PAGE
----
Chart 4: Bounce in inflation to come

Chart 4: Bounce in inflation to come Chart 4 shows the U.S. Consumer Price Index for Motor Fuel, represented on the left side, plotted against Brent Crude Oil price on the right side, spanning from 2015 through to 2023. These series track each other closely. A recent surge in Brent crude oil suggests a likely uptick in the CPI Motor Fuel index.

Source: BLS, ICE, Macrobond

Chart 5: Work stoppages have trended higher

Chart 5: Work stoppages have trended higher Chart 5 illustrates the number of days not worked by Canadian individuals due to work stoppages between the years 2010 and 2023. Since 2021, this series has been trending higher, reflecting more work stoppages in recent years.

Source: StatCan, Macrobond

To be clear, we still expect the lags in the impact of monetary policy to be extended but not eliminated and that central banks will achieve their inflation targets through a more pronounced economic slowdown. However, the probability of this outcome has diminished with the reasons outlined above, and the potential for a reacceleration in inflation should remain a risk scenario. What is notable, however, is that the markets appear content to price in a benign outcome focusing on sustained growth and easing inflation. The S&P 500 is up materially despite slowing earnings growth. Markets are calm – by the end of July, it had been more than 40 days since the S&P 500 declined by more than 1%. The VIX has collapsed despite the clear deterioration in leading indicators (see Chart 6). Given all these factors, we believe the risk is that markets will be disappointed with an outcome that falls outside the goldilocks soft-landing scenario.

Chart 6: Volatility collapsing even as many leading indicators remain negative

Chart 6: Volatility collapsing even as many leading indicators remain negative Chart 6 shows the US Conference Board Leading Economic Indicator plotted against the S&P 500 volatility index (VIX) which is inverted, going back to 1990. These series generally track each other quite closely, but have diverged meaningfully more recently.

Source: Conference Board, CBOE, Macrobond

Capital markets

Risk assets continued to rally in July, following on strong market sentiment. The S&P 500 and Nasdaq Index both posted gains for the fifth straight month. Data supporting a robust economic narrative have led to advances in every major sector within the indices and the growing breadth of gains is encouraging. Earnings so far have generally beaten expectations. As of the end of July, with half of the S&P500 companies having reported second quarter results, 80% of the companies reported a positive earnings surprise. Nevertheless, the magnitude of these positive surprises has been below average, with companies delivering cost cutting rather than top-line sales growth. The good news is that more recently, even the worst-performing sectors, such as energy, utilities and health care, are starting to see broad-based rallies.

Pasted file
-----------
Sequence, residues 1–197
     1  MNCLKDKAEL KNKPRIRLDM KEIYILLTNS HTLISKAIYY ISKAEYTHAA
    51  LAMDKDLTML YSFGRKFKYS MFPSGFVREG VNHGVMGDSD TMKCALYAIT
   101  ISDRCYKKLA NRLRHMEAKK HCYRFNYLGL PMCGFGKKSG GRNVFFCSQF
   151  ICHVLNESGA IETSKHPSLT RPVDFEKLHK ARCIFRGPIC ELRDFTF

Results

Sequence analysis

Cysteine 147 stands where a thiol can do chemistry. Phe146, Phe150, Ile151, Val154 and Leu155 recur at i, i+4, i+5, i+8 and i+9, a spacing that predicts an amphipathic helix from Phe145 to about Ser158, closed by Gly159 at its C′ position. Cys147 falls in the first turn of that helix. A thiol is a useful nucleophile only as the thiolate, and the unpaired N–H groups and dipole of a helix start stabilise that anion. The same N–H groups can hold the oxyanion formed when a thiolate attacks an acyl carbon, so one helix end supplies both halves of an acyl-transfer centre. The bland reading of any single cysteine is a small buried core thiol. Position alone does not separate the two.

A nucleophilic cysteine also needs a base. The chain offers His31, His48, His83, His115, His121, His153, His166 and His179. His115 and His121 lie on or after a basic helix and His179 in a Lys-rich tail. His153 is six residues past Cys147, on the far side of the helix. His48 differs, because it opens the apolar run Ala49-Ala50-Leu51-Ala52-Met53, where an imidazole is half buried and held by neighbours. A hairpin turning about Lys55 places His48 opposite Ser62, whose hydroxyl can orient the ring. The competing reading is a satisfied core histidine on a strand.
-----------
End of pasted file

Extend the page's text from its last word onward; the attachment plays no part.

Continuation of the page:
Bond market indices declined as central banks continued to push rates higher. The FTSE Canada Universe Bond Index was down by 1.1% in July. During the month, the Bank of Canada, the US Federal Reserve and the European Central Bank each pushed rates up a quarter point. Even the Bank of Japan, with its yields still ultra low, tweaked its yield curve control policy to widen the band around 0% to one percentage point on either side. Following these moves, central banks now appear to be in a wait-and-see mode. Commodity markets were among the most notable performers this month, led by WTI crude oil, which surged 15.8% while Brent rose 14.2%. This is particularly notable as the recovery in China has been lacklustre and the prices were driven to some extent by the decline in supply.

Portfolio strategy

As with every late-cycle period, data will be volatile. But the recent trends have caused a material reassessment of the macro backdrop. While data releases have held in well and inflation has decelerated, the probability of a soft landing remains low. Either inflation rebounds along with resilient economic activity or an economic slowdown takes hold proving the lags to policy still hold true. Within our fundamental portfolios, we have made adjustments to reflect the divergent views. Equity portfolios have increased exposure to cyclical stocks, such as industrials and consumer discretionary, particularly those that have already reflected recession-like valuations and are positioned to gain from some of the themes highlighted earlier, including the strong capex cycle. Fixed-income portfolios are positioned for rising longer-term interest rates compared to shorter-term rates. Balanced portfolios maintain an overweight to cash, with underweights in equities and bonds. As we navigate through this period of shifting events, we will carefully assess incoming information to make informed decisions.

CC&L Investment Management Ltd.
August 9th, 2023